NASA on Monday announced a team of four astronauts who will launch on a critical test flight next year to slingshot around the moon, setting the stage for the agency’s long-awaited return to the lunar surface.
In an event held in Houston, the agency named NASA astronauts Christina Hammock Koch, Victor Glover, Reid Wiseman and Canadian astronaut Jeremy Hansen as the crew for its upcoming Artemis II flight, slated to launch in 2024.
“The Artemis II crew represents thousands of people working tirelessly to bring us to the stars,” NASA Administrator Bill Nelson said at the ceremony. “This is their crew. This is our crew This is humanity’s crew.”
The astronauts will be the first humans to fly in the vicinity of the moon in more than 50 years. They will also be the first to launch aboard NASA’s next-generation megarocket and Orion space capsule. The crew will not land on the moon but will swing around the celestial body, testing the performance of the Orion spacecraft, before returning to Earth.
If successful, NASA has said that the subsequent Artemis III flight will touch down on the moon with a crew that will include the first woman and the first person of color to step foot on the lunar surface.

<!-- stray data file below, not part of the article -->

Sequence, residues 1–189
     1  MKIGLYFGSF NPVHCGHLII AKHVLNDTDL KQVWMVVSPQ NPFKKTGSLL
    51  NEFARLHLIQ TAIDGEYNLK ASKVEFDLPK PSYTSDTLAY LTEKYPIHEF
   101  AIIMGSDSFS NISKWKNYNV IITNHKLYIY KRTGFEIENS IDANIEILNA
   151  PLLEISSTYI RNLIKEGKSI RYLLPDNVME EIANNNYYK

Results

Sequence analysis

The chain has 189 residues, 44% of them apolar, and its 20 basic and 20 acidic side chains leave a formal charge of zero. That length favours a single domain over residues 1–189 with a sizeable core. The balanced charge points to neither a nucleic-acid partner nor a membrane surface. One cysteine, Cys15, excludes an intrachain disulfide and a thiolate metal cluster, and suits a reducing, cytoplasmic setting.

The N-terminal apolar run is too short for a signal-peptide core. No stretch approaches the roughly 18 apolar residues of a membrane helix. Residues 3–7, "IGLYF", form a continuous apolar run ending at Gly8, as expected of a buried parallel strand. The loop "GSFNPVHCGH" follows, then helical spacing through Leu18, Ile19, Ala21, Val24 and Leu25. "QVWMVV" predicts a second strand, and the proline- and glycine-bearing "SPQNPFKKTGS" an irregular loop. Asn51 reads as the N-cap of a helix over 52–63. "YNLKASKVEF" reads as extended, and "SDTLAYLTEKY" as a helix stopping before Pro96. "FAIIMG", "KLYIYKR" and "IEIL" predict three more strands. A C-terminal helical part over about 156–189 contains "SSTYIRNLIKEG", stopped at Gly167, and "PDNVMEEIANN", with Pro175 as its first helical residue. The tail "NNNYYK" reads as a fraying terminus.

Wiseman will act as the commander of the Artemis II flight. A former naval aviator test pilot, he was selected to become a NASA astronaut in 2009. In 2014, he launched to the International Space Station on a 165-day mission as part of the Expedition 41 crew.
NASA said Glover, a former captain in the U.S. Navy, will be the mission’s pilot. He was selected as an astronaut in 2013 and previously flew on the second crewed flight of SpaceX's Dragon spacecraft to the space station.
Koch and Hansen will serve as mission specialists on the Artemis II flight. Koch, who became an astronaut in 2013, set a record in 2020 for the longest single spaceflight by a woman, after spending a total of 328 days in space aboard the space station. During that mission, she also participated in the first all-female spacewalk.
Hansen was selected by the Canadian Space Agency to become an astronaut in 2009. The former fighter pilot will be the first Canadian to venture to the moon.
Artemis II will be the first fully crewed test flight as part of NASA's efforts to return to the moon.
Last year, the agency launched its huge Space Launch System rocket and Orion capsule on an uncrewed mission to the moon, where the spacecraft remained in lunar orbit for a few weeks before returning to Earth. The Artemis I flight included mannequins laden with sensors that studied conditions during the mission and measured radiation levels throughout the journey.
The Artemis program is named for the goddess of Greek mythology who was the twin sister of Apollo. NASA envisions launching regular missions to establish a base camp on the lunar surface before it eventually ventures to Mars.